Saturday, 17 October 2009

Teaching at Tang Soo Do

Tuesday night's Tang Soo Do was less sweaty and more cerebral. It's good to explore lesser taught aspects of the art and tonight meant much in-depth teaching of forms and one steps. I love to teach forms and their applications: it's somewhere you can find real depth in karate so needless to say I had a fun time and loved grilling students to make sure stances were in order. I enjoyed seeing a beginner react to my tuition and 'get it'. She was executing movements in the last phase of the step and from the elbow. A step through and punch should be one fluid movement starting from the front stance, flowing through with the step, arms engaging and body weight and momentum adding power to the torquing punch. Once I'd explained that this step and punch was one movement she stopped prodding the air and got it together! Fantastic. I hope she gets more from her forms now. Hyung is a connected and organic entity not really a series of movements. Describing it as a series of movements almost implies that the movements are disparate. It really shouldn't be considered as 35 moves nor should it be thought of as one 'process'. Usually forms can be conceptualised as 4 or 5 grand processes within one entity. (See also Rhythm in Hyungs)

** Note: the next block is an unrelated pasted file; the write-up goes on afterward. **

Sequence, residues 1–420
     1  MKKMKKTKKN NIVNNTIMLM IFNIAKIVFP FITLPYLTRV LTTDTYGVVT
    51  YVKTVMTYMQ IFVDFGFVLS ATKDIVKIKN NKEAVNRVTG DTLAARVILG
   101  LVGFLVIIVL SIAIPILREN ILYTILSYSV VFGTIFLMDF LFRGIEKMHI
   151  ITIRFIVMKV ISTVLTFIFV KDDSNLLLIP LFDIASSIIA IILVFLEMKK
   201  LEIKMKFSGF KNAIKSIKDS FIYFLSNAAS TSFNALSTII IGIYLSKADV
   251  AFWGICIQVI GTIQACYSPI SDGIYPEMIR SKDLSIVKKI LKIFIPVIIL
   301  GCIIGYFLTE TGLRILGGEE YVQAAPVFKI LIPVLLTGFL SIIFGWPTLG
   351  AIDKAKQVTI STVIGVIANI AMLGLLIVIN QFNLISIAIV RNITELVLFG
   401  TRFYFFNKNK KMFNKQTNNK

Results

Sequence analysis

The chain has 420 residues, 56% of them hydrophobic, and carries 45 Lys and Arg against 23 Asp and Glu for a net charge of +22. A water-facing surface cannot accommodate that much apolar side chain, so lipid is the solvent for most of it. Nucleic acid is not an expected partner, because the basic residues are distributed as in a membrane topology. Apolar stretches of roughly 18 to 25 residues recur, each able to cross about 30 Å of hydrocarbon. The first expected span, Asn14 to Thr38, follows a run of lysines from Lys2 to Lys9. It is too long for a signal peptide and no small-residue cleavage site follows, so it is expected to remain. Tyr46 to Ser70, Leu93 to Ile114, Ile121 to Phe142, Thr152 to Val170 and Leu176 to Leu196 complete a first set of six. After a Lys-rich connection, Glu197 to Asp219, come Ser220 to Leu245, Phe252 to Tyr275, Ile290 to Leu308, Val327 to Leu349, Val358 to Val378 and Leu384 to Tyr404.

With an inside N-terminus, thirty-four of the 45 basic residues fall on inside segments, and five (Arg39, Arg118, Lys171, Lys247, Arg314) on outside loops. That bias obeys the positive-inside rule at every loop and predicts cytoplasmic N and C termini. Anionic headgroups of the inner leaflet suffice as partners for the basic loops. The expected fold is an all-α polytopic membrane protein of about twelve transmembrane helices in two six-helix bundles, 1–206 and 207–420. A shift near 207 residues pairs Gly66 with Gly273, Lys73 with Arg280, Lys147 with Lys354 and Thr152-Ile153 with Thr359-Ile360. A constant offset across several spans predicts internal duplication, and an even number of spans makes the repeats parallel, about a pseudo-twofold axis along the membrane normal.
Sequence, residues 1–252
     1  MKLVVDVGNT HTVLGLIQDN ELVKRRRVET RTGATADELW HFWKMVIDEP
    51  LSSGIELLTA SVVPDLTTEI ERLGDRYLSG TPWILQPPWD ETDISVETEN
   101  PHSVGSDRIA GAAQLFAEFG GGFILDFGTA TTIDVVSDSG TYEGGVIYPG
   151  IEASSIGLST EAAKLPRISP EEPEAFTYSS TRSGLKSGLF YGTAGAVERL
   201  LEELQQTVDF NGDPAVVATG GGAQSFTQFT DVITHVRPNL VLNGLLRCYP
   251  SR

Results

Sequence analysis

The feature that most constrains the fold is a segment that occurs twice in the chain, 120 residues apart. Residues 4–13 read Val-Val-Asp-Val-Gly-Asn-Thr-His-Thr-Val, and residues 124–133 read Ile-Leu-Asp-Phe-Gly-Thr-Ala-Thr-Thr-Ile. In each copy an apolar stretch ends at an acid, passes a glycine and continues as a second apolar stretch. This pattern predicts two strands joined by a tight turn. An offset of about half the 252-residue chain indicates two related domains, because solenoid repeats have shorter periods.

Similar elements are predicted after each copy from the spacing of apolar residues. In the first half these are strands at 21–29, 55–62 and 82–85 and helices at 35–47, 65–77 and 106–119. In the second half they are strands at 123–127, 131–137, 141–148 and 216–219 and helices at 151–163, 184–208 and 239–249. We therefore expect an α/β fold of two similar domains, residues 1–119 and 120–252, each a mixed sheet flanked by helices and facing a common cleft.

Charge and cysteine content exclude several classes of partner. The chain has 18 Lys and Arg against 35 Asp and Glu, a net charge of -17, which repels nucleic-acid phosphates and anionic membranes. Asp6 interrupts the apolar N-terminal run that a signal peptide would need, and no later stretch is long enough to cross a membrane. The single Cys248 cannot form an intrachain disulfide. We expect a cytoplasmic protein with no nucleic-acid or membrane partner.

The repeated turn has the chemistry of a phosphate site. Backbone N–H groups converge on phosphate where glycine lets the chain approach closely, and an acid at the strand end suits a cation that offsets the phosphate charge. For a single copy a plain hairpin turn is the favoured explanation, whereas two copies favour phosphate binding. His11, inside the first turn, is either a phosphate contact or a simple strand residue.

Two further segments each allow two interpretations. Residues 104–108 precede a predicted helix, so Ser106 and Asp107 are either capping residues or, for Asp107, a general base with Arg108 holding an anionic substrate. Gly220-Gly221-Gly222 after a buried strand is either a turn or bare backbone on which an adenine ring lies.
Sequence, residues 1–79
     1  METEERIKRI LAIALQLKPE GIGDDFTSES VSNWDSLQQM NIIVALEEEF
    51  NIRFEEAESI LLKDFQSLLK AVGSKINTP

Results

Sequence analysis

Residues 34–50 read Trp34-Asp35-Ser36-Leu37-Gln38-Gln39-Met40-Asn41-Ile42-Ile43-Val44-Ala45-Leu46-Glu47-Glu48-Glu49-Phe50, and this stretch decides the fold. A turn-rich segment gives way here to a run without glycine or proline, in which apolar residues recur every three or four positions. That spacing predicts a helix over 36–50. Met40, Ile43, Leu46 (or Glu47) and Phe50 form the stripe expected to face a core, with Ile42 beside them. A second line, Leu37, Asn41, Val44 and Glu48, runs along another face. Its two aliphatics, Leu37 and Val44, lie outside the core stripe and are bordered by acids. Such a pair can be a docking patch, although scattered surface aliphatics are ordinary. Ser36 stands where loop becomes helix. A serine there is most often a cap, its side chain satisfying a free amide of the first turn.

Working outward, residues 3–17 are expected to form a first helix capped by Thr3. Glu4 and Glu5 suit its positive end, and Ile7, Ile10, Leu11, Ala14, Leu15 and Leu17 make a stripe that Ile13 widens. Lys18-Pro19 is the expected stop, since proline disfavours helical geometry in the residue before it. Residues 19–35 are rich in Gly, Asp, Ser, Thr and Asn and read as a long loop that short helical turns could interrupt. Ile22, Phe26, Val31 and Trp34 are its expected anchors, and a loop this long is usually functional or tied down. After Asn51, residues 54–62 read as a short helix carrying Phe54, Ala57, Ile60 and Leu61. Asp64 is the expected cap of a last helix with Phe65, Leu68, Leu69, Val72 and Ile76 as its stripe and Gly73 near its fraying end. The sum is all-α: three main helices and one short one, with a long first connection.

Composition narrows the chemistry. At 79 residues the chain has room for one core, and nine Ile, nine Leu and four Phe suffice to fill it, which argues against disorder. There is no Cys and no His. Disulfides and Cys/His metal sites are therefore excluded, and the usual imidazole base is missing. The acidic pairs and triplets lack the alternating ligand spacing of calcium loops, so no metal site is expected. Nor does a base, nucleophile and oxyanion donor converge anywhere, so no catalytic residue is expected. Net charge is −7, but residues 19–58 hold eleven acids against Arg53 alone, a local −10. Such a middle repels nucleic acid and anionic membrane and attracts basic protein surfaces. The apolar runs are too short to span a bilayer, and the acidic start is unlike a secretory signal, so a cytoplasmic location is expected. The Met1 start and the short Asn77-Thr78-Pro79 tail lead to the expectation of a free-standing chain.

On that note I am pleased to say that I learned a new form. Something I haven't done in years so it was a pleasant experience. It seems a completely different process from when I was a white belt. Back then I struggled with basic concepts such as low block or front stance or (as above) dealing with chunks of form rather than piecemeal. Now I know how to execute a low block so I don't need to expend energy on that but I do need to dig deeper into the application and rhythm (or punctuation) which is challenging but in a different way!

This is not the style of Rohai I learned but this is beautiful to see:

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